In many ways, it seemed like Ron Paul began his 2008 Iowa caucus campaign on a dare. After being shunned by the Iowa Christian Alliance and Iowans for Tax Relief’s presidential forum, Paul basically crashed the party and his “revolution” began to take root in Iowa.
Paul finished fifth in the 2008 Iowa caucuses, but only a few thousand votes behind John McCain and Fred Thompson. Had Paul been better organized and focused on building a grassroots caucus mechanism sooner, it’s likely that he could have finished in the top three, which would have been a huge boost for his campaign.
Over the past few years, Paul has traveled back to Iowa for Campaign for Liberty events and to support Iowa legislative candidates. In each instance, he has been welcomed by large crowds, which seems to indicate that his support has grown or at least intensified following the 2008 caucuses.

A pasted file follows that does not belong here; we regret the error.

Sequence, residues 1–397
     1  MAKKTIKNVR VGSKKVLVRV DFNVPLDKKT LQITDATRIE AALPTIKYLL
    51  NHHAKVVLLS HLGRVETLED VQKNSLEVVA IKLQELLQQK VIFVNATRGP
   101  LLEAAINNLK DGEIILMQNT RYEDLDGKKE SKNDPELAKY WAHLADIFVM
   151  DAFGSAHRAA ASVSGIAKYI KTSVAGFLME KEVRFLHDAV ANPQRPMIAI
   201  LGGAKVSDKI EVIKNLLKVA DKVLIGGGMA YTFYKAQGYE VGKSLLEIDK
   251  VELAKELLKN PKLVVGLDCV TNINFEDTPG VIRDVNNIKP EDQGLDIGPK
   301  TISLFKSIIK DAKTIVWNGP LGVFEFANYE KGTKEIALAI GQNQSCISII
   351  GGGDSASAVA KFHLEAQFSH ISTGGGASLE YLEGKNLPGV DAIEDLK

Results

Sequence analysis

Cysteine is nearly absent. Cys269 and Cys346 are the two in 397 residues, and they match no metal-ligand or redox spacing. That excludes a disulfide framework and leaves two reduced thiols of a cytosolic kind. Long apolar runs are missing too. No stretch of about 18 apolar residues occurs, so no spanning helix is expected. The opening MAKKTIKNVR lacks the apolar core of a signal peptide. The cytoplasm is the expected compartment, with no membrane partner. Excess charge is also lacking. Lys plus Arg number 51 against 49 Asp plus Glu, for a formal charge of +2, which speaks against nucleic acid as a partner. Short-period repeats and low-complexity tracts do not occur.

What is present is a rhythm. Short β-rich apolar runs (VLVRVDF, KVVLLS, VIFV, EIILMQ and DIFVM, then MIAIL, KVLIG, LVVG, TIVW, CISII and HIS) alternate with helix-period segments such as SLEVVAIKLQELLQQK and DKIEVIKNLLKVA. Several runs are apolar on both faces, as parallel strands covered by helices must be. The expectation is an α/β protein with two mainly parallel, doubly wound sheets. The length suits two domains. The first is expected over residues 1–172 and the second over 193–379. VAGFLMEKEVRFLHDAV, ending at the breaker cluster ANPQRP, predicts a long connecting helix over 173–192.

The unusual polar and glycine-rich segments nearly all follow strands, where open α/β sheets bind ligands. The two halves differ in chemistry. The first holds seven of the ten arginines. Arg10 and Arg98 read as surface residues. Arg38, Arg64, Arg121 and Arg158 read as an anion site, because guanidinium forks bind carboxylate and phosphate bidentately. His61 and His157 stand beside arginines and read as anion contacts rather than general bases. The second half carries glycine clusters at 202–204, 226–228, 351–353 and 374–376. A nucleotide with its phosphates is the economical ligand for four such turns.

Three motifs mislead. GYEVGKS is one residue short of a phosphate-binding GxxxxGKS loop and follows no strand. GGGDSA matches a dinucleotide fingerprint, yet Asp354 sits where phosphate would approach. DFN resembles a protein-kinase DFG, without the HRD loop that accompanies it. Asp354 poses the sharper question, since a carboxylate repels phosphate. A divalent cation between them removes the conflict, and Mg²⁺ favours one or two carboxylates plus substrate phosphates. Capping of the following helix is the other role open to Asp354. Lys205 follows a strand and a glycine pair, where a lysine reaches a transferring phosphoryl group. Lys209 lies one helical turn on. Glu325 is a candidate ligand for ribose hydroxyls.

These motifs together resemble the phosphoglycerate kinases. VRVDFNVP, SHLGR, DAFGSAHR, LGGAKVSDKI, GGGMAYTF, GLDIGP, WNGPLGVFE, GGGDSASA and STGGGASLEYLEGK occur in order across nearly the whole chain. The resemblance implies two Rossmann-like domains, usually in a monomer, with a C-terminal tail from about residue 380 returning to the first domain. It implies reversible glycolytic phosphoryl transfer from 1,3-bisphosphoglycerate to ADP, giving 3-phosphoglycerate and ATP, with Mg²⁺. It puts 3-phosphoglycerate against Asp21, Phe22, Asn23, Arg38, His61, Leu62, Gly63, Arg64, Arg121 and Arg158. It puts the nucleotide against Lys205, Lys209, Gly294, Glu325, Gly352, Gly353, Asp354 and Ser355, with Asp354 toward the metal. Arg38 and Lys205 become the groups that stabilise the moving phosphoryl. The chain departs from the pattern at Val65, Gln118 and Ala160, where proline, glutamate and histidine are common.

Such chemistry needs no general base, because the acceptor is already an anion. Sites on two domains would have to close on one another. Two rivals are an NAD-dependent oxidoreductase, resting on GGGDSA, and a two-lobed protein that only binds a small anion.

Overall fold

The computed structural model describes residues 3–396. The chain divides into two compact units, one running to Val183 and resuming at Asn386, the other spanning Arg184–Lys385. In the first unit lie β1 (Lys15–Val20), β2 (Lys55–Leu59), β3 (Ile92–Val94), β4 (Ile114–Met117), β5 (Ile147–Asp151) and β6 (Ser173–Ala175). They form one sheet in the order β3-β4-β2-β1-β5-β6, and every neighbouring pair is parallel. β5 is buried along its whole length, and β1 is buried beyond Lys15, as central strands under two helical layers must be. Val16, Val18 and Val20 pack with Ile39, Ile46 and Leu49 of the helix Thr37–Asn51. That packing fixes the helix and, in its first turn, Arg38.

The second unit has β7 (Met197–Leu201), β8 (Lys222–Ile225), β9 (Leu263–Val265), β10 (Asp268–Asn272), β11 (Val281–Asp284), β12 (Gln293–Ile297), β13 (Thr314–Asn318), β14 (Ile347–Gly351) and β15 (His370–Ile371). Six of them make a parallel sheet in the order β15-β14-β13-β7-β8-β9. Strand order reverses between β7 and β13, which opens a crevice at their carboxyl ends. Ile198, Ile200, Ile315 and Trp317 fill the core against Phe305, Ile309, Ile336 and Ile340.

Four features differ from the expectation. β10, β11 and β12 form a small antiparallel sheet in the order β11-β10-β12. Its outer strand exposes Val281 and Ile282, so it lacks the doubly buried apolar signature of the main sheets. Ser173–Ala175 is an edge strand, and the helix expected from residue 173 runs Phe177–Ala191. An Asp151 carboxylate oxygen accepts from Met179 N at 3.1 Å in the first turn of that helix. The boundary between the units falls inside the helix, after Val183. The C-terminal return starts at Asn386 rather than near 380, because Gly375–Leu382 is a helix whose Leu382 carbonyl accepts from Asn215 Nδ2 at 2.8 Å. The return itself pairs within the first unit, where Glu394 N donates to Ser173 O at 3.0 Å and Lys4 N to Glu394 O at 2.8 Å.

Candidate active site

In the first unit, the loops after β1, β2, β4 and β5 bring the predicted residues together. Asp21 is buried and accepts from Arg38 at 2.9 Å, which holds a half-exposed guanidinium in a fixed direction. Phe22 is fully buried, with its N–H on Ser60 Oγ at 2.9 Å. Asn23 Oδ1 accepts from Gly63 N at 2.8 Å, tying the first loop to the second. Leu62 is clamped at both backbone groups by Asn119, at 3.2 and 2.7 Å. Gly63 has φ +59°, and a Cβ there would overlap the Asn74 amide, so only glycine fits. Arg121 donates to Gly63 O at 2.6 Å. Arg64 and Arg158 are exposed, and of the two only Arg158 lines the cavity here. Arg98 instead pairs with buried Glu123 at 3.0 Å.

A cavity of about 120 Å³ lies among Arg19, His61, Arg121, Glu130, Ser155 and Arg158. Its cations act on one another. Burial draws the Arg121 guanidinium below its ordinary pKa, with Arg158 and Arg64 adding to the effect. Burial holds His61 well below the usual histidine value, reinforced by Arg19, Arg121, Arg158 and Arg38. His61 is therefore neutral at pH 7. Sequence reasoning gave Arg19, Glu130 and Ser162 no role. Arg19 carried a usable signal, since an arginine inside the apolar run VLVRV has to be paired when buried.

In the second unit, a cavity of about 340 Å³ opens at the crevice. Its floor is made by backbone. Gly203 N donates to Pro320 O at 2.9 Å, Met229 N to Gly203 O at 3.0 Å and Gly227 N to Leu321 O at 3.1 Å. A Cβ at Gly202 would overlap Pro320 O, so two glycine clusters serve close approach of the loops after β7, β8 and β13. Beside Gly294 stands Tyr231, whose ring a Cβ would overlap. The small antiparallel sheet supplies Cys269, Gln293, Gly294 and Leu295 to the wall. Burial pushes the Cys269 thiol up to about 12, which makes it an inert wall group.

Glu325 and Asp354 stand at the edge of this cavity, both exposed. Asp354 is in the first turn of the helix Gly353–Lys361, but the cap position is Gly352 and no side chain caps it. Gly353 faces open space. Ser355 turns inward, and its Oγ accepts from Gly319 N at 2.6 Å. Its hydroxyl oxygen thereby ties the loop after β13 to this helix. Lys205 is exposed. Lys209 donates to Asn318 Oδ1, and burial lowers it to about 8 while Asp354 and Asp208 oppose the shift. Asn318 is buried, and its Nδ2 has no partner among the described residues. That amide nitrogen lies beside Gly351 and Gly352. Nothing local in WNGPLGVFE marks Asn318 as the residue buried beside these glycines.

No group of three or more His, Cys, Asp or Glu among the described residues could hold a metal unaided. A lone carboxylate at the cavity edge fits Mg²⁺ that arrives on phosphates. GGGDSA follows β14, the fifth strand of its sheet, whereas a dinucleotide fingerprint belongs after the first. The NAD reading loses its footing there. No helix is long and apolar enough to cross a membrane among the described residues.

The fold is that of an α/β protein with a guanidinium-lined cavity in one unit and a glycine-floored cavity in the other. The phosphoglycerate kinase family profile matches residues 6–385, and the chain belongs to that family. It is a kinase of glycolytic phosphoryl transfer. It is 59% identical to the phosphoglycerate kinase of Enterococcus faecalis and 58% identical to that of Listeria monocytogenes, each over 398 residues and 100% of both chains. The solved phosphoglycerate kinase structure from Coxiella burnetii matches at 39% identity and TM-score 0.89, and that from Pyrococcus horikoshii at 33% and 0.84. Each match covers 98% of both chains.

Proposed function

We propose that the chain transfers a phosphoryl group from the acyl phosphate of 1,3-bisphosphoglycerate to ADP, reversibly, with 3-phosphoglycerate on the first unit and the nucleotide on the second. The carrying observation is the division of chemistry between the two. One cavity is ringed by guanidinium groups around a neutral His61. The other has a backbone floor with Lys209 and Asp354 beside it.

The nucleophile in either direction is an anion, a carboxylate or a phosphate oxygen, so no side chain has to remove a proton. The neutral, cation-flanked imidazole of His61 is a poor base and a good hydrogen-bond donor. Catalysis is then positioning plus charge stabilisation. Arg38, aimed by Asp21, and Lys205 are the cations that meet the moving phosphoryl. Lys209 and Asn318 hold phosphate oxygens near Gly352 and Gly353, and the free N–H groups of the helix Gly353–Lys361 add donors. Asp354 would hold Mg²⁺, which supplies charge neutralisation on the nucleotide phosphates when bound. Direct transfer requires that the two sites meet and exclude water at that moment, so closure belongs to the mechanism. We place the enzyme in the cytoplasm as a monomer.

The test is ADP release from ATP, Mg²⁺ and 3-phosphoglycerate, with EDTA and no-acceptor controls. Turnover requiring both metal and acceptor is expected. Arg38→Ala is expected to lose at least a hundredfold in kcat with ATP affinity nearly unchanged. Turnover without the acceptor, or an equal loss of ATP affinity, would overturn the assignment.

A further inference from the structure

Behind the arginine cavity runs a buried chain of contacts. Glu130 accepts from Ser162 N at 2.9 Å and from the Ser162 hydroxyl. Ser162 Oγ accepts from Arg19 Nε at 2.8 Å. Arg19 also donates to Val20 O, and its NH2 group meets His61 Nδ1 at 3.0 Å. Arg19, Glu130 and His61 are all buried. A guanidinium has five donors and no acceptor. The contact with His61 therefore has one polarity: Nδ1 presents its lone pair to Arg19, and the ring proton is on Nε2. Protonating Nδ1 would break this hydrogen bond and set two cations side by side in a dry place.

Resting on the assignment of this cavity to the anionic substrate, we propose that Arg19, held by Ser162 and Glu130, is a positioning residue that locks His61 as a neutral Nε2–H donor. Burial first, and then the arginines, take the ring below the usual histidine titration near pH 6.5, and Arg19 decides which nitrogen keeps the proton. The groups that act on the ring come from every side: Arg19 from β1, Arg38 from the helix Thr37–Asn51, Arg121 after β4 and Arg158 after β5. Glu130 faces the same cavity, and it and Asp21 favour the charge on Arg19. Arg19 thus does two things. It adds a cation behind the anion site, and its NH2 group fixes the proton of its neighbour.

If any candidate in the caucuses will be able to tap into the tea party movement in Iowa, it’s Ron Paul. Paul’s libertarian views give him a solid base of support in the state, and he doesn’t have to start from scratch like he did in 2008. Ron Paul + tea party = trouble for traditional candidates in the caucuses. Plus, instead of his supporters spending countless hours tying to make sure he is allowed in the debates, they can instead focus on getting him elected.
The problem for Paul is that he’s going to have to compete for those tea party votes in 2012 since there will be a number of candidates trying to attract that particular group of voters. The tea party vote might be the most fractured part of the electorate in the 2012 caucuses with candidates like Michele Bachmann, Herman Cain, Newt Gingrich, and Rick Santorum all reaching out to them.
While Paul will have to campaign hard to win a majority of the tea party activists in the state, it’s safe to say that nobody will have a more loyal and dedicated group of supporters than Ron Paul will have. In a caucus state, that kind of support is worth its weight in gold.
Photo by Dave Davidson
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